Objective: The present study was designed to clarify whether the Rho-Rho-kinase pathway is involved in the process of hypertensive glomerulosclerosis and to assess the therapeutic effect of fasudil, a specific Rho-kinase inhibitor. Method and results: Dahl salt-sensitive rats (DS) and Dahl salt-resistant rats (DR) were fed a high-salt diet at 6 weeks of age. Fasudil (30 mg/kg per day) was administered for 7 weeks to DS starting at the age of 11 weeks. After 7 weeks, untreated DS were characterized by decreased kidney function, increased proteinuria, abnormal morphological findings, increased adrenomedullin and atrial natriuretic peptide (ANP) levels, and increased renal messenger RNA expression of RhoB, Rho-kinaseα, Rho-kinaseβ, collagen I and collagen III, and transforming growth factor-beta (TGF-β) in the renal cortex compared with DR. Chronic fasudil treatment significantly improved renal function (serum creatinine, -26%; blood urea nitrogen, -41%; creatinine clearance, +42%), proteinuria (-24%) and histological findings (glomerular injury score, -49%; afferent arteriolar injury score, -17%) without changing blood pressure compared with untreated DS. Interestingly, long-term fasudil treatment decreased the plasma adrenomedullin (-25%) and ANP (-49%), but did not change the plasma renin or aldosterone. Furthermore, fasudil significantly decreased the messenger RNA expression of TGF-β (-20%), collagen I (-23%), and collagen III (-24%) in the renal cortex. However, there were still significant differences in the aforementioned parameters between DR and fasudil-treated DS. Conclusion: These results suggest that the Rho-Rho-kinase pathway may be partly responsible for the pathogenesis of hypertensive glomerulosclerosis independently of blood pressure in DS, and that chronic inhibition of the Rho-Rho-kinase pathway may be a new strategy for treating hypertensive nephrosclerosis.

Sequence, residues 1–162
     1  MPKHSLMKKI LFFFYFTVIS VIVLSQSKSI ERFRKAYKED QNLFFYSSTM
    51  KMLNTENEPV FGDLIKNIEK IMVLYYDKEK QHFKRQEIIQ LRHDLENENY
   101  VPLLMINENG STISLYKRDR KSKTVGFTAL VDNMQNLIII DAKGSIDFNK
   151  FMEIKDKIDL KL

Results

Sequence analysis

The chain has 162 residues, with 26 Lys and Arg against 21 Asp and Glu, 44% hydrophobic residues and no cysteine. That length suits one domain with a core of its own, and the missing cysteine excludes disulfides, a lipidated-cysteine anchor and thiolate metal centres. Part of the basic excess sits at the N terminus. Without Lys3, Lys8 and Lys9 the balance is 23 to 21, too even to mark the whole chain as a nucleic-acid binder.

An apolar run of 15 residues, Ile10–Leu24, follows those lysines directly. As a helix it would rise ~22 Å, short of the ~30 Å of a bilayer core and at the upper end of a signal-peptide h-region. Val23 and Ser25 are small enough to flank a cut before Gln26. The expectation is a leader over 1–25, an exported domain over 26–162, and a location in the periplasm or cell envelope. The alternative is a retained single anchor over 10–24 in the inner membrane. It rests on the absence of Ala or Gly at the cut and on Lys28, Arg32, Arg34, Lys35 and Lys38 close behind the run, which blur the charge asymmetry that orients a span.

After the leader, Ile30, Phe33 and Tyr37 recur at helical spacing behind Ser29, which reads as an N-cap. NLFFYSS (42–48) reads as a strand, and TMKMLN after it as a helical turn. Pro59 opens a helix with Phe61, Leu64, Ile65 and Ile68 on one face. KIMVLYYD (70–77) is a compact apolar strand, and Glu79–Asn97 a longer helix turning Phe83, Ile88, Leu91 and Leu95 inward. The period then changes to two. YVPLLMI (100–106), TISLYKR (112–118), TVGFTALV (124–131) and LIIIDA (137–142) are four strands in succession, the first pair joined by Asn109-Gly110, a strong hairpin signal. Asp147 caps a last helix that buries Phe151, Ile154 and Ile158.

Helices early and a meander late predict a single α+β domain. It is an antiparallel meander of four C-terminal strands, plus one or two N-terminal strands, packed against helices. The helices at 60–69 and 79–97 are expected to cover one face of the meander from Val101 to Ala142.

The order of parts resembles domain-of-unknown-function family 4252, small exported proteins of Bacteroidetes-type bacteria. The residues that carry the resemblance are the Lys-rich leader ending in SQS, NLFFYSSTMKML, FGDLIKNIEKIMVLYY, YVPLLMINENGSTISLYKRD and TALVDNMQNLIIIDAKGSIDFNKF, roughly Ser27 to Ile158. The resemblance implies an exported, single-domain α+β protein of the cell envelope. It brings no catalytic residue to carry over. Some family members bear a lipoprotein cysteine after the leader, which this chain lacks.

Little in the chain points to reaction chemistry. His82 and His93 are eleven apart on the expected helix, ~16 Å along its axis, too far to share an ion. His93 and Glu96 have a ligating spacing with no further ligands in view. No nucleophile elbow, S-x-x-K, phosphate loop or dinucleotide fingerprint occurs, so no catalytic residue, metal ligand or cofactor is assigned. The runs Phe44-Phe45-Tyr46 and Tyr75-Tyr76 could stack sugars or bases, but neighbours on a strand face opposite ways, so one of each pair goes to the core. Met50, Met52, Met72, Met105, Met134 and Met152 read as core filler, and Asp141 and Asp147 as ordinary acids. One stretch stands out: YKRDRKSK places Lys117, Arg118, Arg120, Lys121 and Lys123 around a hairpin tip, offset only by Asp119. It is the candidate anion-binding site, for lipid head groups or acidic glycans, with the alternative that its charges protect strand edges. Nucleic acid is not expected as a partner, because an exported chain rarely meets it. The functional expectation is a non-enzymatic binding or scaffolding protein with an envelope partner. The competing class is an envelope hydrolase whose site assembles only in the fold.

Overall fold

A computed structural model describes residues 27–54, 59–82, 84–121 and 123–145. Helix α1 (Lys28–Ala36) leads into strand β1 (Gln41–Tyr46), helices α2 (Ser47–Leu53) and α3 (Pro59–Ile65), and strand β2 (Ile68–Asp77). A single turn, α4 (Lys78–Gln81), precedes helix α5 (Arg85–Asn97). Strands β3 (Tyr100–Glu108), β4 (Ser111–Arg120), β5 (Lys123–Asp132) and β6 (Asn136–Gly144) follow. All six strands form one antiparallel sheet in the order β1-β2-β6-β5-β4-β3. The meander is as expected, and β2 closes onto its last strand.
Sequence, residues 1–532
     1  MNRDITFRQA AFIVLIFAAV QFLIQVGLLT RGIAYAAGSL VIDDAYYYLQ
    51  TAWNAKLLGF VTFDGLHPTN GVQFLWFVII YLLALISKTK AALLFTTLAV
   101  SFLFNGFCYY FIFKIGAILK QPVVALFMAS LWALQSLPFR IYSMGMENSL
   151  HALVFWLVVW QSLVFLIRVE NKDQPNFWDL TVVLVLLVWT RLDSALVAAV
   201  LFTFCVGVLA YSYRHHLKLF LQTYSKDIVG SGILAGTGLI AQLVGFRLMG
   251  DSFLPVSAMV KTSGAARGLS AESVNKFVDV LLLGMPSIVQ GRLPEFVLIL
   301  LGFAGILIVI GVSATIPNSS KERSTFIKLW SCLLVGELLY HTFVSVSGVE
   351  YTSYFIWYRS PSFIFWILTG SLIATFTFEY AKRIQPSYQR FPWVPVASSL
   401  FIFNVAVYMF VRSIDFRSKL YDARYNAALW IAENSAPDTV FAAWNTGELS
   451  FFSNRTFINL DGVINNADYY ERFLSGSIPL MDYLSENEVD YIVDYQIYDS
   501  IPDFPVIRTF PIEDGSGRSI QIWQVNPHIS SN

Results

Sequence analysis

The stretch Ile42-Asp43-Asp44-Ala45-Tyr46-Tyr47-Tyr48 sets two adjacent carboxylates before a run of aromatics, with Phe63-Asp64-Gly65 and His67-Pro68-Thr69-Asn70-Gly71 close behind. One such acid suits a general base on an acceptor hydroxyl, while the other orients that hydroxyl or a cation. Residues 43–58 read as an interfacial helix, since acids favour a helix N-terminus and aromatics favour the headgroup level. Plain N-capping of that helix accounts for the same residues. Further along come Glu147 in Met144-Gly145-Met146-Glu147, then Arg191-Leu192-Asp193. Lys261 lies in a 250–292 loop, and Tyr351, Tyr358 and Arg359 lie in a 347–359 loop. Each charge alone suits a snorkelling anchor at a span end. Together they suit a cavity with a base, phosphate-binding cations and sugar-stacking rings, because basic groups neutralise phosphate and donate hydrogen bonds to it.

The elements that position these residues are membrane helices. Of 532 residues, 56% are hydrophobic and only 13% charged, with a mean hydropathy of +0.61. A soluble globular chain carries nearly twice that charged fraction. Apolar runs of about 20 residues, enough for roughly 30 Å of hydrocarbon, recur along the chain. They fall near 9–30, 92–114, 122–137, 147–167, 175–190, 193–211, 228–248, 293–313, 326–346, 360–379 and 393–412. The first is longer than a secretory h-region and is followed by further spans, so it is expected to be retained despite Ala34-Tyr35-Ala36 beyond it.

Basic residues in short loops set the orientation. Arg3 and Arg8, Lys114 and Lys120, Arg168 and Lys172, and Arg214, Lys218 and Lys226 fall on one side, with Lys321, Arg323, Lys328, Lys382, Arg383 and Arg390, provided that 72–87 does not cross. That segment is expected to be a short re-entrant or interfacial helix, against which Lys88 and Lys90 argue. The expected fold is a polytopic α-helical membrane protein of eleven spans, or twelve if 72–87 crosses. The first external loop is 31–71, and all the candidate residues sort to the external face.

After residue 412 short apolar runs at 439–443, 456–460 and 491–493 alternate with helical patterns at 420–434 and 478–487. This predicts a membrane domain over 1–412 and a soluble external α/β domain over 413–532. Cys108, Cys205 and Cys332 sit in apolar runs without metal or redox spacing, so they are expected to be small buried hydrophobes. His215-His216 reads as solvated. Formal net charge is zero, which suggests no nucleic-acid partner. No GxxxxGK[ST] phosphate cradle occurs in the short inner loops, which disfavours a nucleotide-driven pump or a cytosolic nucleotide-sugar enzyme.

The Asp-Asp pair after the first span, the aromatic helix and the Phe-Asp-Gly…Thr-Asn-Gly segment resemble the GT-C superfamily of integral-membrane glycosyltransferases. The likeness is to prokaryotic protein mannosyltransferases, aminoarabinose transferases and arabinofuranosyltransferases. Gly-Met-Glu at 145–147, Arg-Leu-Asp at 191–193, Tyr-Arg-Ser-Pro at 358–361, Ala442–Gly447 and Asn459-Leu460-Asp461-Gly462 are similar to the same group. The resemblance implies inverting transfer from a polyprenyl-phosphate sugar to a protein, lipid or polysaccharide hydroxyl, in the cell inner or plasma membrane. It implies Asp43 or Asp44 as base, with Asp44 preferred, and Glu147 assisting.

- Transforming growth factors
ASJC Scopus subject areas
- Internal Medicine
- Cardiology and Cardiovascular Medicine